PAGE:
An Ohio man was arrested for his operation of Helix, a Darknet-based cryptocurrency service that laundered over $300 million, federal officials said.
Larry Harmon, 36, of Akron, OH, is facing charges in Tuesday’s three-count indictment of money laundering conspiracy, operating an unlicensed money transmitting business and conducting money transmission without a D.C. license.
Harmon operated Helix from 2014 to 2017, according to the indictment. Helix functioned as a bitcoin “mixer” or “tumbler,” allowing customers, for a fee, to send bitcoin to designated recipients in a manner designed to conceal the source or owner of the bitcoin. Helix was linked to and associated with “Grams,” a Darknet search engine also run by Harmon. Harmon advertised Helix to customers on the Darknet as a way to conceal transactions from law enforcement.
“Helix allegedly laundered hundreds of millions of dollars of illicit narcotics proceeds and other criminal profits for Darknet users around the globe,” said Assistant Attorney General Brian A. Benczkowski of the Justice Department’s Criminal Division.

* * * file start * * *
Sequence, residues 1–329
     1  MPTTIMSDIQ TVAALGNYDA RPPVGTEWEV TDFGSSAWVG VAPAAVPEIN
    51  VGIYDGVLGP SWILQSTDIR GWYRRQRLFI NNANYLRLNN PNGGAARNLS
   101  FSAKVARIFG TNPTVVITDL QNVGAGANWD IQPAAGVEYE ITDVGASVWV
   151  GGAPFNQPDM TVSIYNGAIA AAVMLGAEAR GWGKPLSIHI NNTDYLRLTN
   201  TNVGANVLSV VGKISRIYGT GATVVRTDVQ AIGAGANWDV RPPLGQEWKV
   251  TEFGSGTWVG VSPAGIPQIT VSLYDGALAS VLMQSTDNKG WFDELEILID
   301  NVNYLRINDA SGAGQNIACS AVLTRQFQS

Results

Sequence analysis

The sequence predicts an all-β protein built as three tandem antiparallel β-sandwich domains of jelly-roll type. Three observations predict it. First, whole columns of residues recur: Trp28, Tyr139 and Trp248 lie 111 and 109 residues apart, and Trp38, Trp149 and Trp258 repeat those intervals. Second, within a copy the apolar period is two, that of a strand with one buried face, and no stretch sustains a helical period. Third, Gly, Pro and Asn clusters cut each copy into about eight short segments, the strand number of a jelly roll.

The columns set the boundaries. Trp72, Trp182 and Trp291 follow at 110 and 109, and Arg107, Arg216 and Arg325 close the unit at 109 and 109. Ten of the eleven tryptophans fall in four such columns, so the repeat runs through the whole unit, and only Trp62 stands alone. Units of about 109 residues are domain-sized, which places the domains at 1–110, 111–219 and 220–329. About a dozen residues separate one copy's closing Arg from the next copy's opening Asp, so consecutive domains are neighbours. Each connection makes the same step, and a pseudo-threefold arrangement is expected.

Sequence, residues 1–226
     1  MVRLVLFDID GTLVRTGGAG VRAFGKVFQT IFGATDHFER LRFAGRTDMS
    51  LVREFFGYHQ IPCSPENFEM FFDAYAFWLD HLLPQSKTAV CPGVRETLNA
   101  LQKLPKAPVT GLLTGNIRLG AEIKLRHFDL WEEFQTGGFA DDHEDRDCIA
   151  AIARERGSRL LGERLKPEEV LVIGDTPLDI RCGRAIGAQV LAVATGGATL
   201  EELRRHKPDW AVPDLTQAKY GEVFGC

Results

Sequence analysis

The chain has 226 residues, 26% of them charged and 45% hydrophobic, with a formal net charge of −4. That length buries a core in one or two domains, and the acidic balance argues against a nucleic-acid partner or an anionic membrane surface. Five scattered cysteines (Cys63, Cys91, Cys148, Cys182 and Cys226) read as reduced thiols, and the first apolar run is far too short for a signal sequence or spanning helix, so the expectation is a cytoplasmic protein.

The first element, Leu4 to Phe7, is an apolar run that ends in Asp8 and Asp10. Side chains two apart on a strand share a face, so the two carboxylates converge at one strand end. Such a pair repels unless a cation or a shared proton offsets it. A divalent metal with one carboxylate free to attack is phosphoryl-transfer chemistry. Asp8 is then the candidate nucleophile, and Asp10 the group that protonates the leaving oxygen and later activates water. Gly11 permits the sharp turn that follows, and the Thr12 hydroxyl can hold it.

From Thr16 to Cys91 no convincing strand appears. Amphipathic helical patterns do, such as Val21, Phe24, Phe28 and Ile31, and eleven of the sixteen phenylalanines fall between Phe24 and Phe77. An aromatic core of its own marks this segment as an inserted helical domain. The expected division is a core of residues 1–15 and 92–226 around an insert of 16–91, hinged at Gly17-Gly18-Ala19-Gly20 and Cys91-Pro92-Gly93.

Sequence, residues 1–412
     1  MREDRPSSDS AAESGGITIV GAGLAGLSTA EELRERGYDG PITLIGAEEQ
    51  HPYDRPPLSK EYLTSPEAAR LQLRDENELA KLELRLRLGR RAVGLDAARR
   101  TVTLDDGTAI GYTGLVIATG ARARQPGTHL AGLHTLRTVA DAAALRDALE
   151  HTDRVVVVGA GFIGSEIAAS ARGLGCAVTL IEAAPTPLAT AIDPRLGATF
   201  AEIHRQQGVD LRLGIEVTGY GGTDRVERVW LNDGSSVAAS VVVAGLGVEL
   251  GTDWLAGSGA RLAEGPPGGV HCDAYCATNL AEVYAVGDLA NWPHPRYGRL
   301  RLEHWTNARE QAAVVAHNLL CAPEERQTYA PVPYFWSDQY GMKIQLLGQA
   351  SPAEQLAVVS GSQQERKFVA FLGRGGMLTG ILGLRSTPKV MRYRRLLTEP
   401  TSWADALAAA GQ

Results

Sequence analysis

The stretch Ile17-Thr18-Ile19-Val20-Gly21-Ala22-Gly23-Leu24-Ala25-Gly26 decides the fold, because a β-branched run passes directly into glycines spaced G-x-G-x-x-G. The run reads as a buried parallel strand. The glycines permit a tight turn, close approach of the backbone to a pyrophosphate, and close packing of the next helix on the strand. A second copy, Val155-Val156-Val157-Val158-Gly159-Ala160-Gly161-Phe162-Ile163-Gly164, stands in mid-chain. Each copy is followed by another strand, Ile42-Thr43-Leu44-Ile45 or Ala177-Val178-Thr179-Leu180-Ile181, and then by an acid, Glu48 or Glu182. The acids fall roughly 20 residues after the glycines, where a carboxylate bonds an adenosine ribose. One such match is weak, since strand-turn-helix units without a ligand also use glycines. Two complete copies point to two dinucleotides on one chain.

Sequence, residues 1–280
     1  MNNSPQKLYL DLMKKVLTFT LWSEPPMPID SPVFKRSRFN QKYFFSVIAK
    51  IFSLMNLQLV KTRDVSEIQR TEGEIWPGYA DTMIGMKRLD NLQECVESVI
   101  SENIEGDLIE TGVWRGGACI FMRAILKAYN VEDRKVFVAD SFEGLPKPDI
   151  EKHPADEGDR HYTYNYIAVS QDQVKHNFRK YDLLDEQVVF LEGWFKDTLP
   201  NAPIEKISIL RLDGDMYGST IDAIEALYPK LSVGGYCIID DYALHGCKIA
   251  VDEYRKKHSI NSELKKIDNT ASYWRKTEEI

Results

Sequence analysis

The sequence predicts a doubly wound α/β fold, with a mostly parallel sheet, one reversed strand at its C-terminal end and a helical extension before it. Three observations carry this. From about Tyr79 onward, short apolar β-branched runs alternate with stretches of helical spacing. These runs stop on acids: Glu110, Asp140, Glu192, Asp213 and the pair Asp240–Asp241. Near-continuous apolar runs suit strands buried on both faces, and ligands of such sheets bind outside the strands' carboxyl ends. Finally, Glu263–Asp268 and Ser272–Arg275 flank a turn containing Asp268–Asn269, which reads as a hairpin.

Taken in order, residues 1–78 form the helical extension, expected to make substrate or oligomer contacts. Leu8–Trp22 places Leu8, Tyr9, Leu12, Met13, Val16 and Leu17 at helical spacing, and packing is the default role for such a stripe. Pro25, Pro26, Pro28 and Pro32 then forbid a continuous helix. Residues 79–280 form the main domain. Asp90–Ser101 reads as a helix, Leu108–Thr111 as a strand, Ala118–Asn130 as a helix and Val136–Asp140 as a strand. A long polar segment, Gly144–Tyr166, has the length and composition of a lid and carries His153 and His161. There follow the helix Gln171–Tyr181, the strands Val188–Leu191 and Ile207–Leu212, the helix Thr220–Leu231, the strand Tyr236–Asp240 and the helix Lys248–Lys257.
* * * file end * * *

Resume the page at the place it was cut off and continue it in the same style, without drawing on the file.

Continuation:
“The brazenness with which Helix operated should be the most appalling aspect of this operation to every day citizens. There are bad actors and then there are criminals who facilitate hundreds of other crimes,” said Don Fort, Chief, IRS Criminal Investigation. “The sole purpose of Harmon’s operation was to conceal criminal transactions from law enforcement on the Darknet, and because of our growing expertise in this area, he could not make good on that promise.”
The indictment alleges that Helix moved over 350,000 bitcoin – valued at over $300 million at the time of the transactions – on behalf of customers, with the largest volume coming from Darknet markets, officials said. Helix partnered with the Darknet market AlphaBay to provide bitcoin laundering services for AlphaBay customers. AlphaBay was one of the largest Darknet marketplaces in operation at the time it was seized by law enforcement in July 2017.